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Williamsburg woman turns her lifelong disability into a children’s story – Daily Press

WILLIAMSBURG — Nanette Opperman’s life changed when she was hit by a speeding truck at the age of 3, causing permanent spinal cord damage and traumatic brain injury.

At the same time, she never stopped being Nanette.

As Opperman, now 43, documents in her self-published children’s book, “Nanette’s Greatest Adventure,” she felt as curious and daring as ever. She just needed to figure out how to stay true to herself and follow her dreams in her new body.

“Once I did that, I was perfectly fine,” Opperman says. “I really didn’t care if I was ‘different’ from other people. It seems like these days we’re always looking for what makes us different, but I wanted to focus on what’s the same.

“Nanette’s Grandest Adventure,” released in July with artwork by local artist Laurel Palmer, features a 3-year-old heroine who wakes up in a hospital after a gambling accident. The story initiates what Opperman, an author for the first time, hopes to be at least a five-part series.

“I want to show a girl with a disability who is going through a childhood, with mostly ordinary interests and desires,” she explains. “And, frankly, to teach parents that as long as they can figure out HOW a child is going to do something, they don’t have to worry so much.”

Born in Pennsylvania, Opperman has no memory of the accident that nearly killed her. During a family visit with a friend in New Jersey, she got away from her older sister and crossed a road alone to watch sailboats on a nearby waterway.

An approaching driver saw Opperman and slammed on the brakes, but the boat he was towing hit the back of his truck and propelled him forward. As four of Opperman’s five siblings watched in horror, she was thrown through the air and landed on her head. Her mother, a nurse, ran outside and started performing CPR.

“I wasn’t supposed to live,” Opperman says. “I had no pupillary reaction and was in a coma for five weeks. It’s a miracle that I woke up. Then the doctors thought I was going to be paralyzed from the neck down, but then I moved.

Opperman suffered an incomplete or partial rupture of a segment of his cervical spine located in his neck, as well as brain damage from his violent shaking inside his skull. She was partially paralyzed on both sides of her body, although the left side was significantly worse.

Opperman was hospitalized for about a year and underwent more than 15 years of physical and occupational therapy, as well as several surgeries. She thanks her family, her faith and countless doctors, nurses, therapists and social workers for her recovery.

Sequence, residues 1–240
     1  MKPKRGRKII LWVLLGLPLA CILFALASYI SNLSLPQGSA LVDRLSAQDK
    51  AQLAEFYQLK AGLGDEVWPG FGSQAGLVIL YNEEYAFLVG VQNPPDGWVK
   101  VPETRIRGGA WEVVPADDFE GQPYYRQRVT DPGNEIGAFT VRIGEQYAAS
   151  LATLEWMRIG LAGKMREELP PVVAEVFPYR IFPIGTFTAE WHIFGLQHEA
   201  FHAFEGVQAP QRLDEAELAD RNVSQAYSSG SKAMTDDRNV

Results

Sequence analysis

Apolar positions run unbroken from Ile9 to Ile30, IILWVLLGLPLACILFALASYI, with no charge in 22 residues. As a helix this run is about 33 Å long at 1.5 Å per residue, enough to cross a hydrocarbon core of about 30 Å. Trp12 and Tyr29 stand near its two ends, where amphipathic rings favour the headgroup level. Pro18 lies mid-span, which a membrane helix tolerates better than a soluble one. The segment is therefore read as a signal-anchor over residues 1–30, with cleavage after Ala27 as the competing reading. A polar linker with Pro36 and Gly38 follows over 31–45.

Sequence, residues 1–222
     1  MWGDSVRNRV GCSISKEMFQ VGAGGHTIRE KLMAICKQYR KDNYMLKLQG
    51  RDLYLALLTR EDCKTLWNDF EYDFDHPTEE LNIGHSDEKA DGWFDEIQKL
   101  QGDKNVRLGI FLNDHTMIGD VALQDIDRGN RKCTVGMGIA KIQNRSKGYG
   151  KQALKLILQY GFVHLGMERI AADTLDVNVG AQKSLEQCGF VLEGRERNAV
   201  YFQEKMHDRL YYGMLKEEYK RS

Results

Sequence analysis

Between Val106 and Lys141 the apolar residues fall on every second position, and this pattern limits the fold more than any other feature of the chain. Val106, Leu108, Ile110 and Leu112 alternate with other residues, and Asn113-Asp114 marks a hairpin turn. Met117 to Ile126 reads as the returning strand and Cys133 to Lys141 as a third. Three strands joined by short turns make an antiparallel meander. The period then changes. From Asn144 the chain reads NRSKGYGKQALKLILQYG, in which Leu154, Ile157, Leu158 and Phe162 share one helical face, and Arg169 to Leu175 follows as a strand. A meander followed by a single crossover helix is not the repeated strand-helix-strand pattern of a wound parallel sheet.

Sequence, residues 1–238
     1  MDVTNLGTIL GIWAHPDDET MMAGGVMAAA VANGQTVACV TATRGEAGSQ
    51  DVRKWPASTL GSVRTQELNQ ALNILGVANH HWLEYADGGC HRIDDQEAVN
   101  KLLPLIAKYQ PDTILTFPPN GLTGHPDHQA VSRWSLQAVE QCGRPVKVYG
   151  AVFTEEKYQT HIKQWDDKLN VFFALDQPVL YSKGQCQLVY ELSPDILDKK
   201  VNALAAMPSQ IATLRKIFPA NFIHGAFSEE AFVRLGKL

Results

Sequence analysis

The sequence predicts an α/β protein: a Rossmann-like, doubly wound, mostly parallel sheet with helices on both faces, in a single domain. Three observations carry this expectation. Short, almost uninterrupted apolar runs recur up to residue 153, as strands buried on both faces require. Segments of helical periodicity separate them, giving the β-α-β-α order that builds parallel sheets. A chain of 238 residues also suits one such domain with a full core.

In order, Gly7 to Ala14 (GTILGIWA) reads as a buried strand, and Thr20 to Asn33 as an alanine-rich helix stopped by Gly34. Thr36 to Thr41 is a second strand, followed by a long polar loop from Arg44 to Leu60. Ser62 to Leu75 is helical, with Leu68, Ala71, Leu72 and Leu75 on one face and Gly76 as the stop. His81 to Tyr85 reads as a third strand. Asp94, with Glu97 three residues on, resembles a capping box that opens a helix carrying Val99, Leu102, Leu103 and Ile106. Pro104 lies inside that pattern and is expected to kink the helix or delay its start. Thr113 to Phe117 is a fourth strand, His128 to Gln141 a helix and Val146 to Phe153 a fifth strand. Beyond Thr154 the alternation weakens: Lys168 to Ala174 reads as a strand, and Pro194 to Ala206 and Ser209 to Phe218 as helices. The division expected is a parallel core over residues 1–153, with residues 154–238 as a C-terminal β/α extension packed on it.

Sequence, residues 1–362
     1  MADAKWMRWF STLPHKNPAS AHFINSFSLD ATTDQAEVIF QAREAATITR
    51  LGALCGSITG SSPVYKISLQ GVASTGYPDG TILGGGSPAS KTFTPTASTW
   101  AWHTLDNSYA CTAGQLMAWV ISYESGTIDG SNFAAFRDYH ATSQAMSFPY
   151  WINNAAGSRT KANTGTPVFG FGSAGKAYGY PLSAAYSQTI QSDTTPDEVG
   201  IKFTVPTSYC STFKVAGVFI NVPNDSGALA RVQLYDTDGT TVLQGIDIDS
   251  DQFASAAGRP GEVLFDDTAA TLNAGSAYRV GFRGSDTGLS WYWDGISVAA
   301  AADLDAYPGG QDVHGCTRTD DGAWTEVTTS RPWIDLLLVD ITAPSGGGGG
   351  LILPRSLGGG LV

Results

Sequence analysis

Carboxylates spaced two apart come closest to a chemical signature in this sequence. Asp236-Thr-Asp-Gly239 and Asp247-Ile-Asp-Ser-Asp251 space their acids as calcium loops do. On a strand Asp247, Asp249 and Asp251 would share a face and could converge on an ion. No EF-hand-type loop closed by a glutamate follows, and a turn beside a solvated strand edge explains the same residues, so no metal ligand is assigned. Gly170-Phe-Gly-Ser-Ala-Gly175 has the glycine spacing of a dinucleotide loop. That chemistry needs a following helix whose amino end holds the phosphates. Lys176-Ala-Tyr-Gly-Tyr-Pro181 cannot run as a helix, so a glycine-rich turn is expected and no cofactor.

Since the accident, Opperman has relied on leg braces and a wheelchair for navigation, in addition to doing a small amount of slow walking for physical therapy. She can use her right hand but not her right shoulder, while her left hand is practically useless. His brain injury also impacted some high-level executive functioning skills, such as math.

Still, Opperman learned to handle all the activities of daily living, from cooking to dressing to driving a car with one arm and one foot. Putting on clothes – especially pulling socks with a footrest and constantly wiggling and tugging – is the hardest part.

“I refuse to get dressed more than once a day,” she says. “My shoelaces are elastic and I don’t have to tie them, which is good because I can’t tie them. Things often take me longer than others, but I haven’t let that stop me from being independent and successful.

In fact, Opperman has two bachelor’s degrees, one in English from Southern Virginia University and one in recreation therapy from Old Dominion University. A resident of Williamsburg since 2004, she is married and works full-time as an administrative assistant, with part-time jobs in publishing and marketing.

As for writing, Opperman started writing poetry in high school and has always enjoyed reading. She met Palmer, another Williamsburg resident with a design degree from Brigham Young University, at church, and they bonded further at a monthly book club.

Hearing that Palmer, 48, hoped to become a full-time illustrator once her two teenagers left home, Opperman shared her book idea. Palmer immediately jumped on board and plans to collaborate on future editions of the “Nanette” series.

“The message is to take our challenges and turn them into adventures,” says Palmer. “My goal was to capture the fun and innocence of her brave character, to make her gentle but at the same time strong and capable.”

Despite working long hours, Opperman has already written part of a second book and hopes to publish it next year. “I like to stay busy and get things done,” she says.

After all, it’s still Nanette.

“Nanette’s Grandest Adventure” is available for purchase on Amazon as an e-book, paperback, or hardcover. Opperman also donated a copy to the Williamsburg Regional Library, where it will become part of the Local Authors Project collection. She will sign copies of the book at 1 p.m. on September 10 at Barnes & Noble New Town, 5101 Main St.

Alison Johnson,

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